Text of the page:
Doctors and internet and TMI alert.

Our internet connection went out today and wasn’t scheduled to come back until 2pm. Were they fixing a fault? No idea.

Fahim works over the internet, so with no internet, he couldn’t work. So what are we going to do with all this time?

Well, we went to the Apollo Hospital. I called as soon as we found out internet was going to be out all day and made an appointment with an endocrinologist.

Short version of the story – I’ve been having all the symptoms of perimenopause for the last year, and in my research, found an excellent forum for early menopause with loads of information specifically for those with early menopause. This is important because, from what I’ve read, the health needs for those with early menopause are different from those with regularly aged menopause.

With all the research I’ve done, I’ve learned that it’s possible for thyroid problems to cause early menopause, make early menopause worse, or to cause the symptoms of early menopause. Well, my thyroid symptoms go back to when I was 21 and had blood taken every couple or four months to test my thyroid levels, only to have them come back normal.

Now I find out that that thyroid test has a high rate of false negatives. Why then is it still used? Because it’s cheap, I imagine. And easy. And general practitioners haven’t been reeducated.

So. I see the endocrinologist. Nice woman who has a reasonable discussion with me. I give her my two page history, which she briefly scans, and it’s enough to convince her there’s something going on, and she fills out the form ordering a wackload of blood tests. Yay. And then asks me if I’ve seen a gynocologist. Well, yes, back in August. And that gynocologist was a waste of my time.

When I tell the endo doc her name, endo doc responds with comments along the lines of "She was sent back to India. She wasn’t qualified."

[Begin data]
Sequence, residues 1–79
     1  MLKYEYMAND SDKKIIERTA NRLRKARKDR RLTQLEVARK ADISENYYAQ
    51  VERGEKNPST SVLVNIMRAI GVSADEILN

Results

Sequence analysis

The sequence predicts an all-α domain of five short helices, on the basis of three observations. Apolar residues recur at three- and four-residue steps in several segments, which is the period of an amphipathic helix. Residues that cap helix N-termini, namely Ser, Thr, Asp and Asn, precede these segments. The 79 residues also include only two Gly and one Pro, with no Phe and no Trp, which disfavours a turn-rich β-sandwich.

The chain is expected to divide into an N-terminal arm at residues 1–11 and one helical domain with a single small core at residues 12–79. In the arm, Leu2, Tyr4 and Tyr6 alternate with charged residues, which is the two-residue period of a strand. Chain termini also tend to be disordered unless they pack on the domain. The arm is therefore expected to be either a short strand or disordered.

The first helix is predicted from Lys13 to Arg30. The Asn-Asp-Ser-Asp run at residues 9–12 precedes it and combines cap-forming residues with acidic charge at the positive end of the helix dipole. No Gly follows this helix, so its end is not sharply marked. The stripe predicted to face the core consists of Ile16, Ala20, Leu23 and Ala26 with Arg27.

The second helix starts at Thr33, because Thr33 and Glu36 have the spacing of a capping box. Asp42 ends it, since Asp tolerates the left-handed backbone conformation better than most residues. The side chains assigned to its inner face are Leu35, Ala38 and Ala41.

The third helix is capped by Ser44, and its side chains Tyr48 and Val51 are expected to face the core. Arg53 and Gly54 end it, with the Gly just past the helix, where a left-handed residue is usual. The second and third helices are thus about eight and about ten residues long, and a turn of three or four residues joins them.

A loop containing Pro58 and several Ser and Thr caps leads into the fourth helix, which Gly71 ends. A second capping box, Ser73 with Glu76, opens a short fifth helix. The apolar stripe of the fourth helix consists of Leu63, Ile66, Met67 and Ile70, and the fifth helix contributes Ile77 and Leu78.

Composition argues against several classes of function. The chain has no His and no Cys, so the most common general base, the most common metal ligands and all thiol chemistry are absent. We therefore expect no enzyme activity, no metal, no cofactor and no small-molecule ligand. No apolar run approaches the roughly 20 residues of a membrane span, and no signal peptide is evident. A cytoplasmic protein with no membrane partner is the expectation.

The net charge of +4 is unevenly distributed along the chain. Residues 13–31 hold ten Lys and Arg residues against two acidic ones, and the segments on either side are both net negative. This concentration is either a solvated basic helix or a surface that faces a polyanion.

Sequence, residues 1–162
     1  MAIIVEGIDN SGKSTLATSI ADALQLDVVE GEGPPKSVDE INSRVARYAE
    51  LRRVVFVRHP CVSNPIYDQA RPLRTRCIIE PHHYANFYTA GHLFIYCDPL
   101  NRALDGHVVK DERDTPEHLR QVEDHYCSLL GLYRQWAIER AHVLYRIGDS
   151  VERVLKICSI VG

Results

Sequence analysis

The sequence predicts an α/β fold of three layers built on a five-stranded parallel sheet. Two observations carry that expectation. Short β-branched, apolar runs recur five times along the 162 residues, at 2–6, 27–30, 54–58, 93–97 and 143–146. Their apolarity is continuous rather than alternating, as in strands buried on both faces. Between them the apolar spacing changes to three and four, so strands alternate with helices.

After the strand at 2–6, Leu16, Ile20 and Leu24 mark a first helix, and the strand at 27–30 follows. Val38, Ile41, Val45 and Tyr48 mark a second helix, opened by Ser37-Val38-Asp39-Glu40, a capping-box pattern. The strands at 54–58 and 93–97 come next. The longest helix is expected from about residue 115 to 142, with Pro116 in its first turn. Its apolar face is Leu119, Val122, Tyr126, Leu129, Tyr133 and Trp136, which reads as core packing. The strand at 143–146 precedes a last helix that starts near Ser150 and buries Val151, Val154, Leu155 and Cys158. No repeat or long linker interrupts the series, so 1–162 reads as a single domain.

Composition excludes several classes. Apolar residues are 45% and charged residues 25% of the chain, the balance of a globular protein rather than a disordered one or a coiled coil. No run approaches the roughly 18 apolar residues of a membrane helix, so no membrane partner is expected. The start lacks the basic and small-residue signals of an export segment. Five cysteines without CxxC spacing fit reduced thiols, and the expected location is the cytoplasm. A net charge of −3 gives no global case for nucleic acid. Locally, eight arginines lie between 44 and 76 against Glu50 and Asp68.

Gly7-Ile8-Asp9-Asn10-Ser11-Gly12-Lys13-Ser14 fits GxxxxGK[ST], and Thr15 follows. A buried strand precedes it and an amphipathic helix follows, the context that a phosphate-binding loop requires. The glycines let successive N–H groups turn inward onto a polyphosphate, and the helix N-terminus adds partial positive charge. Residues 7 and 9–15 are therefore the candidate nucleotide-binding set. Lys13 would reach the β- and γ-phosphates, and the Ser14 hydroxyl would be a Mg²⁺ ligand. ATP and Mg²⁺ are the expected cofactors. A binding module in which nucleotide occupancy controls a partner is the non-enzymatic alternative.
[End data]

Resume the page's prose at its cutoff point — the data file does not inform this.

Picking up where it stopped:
Fahim’s response is that Indian docs always criticize Sri Lankan docs, and Sri Lankan docs always criticize Indian docs, and they call each other unqualified or whatever. Thing is, in this case, we think it’s true based on the fact that a. she no longer works for the Apollo and b. she was a stupid idiot when I saw her.

Anyway, endo doc then insisted that I see another gyno immediately because there might be more blood tests that need to be taken, so she calls up to another gyno doc, who’s heading into surgery in ten minutes, he says, but if we can get up there in five minutes, he’ll see me.

We head up there, and he’s not there. We wait for at least ten minutes before he finally shows up, and then we’re ushered into his office, and I hand him my two page history, which he reads out, some out loud, with a lot of "oh, darling," "my darling," and "poor darling!"


He finishes reading it and yep, he orders more blood tests. He doesn’t think I have early menopause, but then, from what I can tell, most gynos don’t tend to believe it until the blood tests come back explicitly indicating that meno is there, and even then, not all gynos believe it. Or, at least, that’s what I’m reading on the early menopause boards.

Whatever. He ordered the blood tests, so we’ll know for sure one way or the other soon enough.

He kept going on and on and on about "pre-menstrual tension". Is that the new term for PMS (pre-menstrual syndrome)? I doubt my hot flashes, foggieness, and dizziness, along with skipped periods can be attributed to PMS, but whatever floats his boat. Like I said, he ordered the blood tests, so we’ll see.

He did, however, recommend 400 IU of vitamin E for cramps. I’ll give that a try and see what happens.


Author: LMAshton
Howdy! I'm a beginner artist, hobbyist photographer, kitchen witch, wanderer by nature, and hermit introvert. This is my blog feed. You can find my fediverse posts at

Leave a Reply

Your email address will not be published. Required fields are marked *

This site uses Akismet to reduce spam. Learn how your comment data is processed.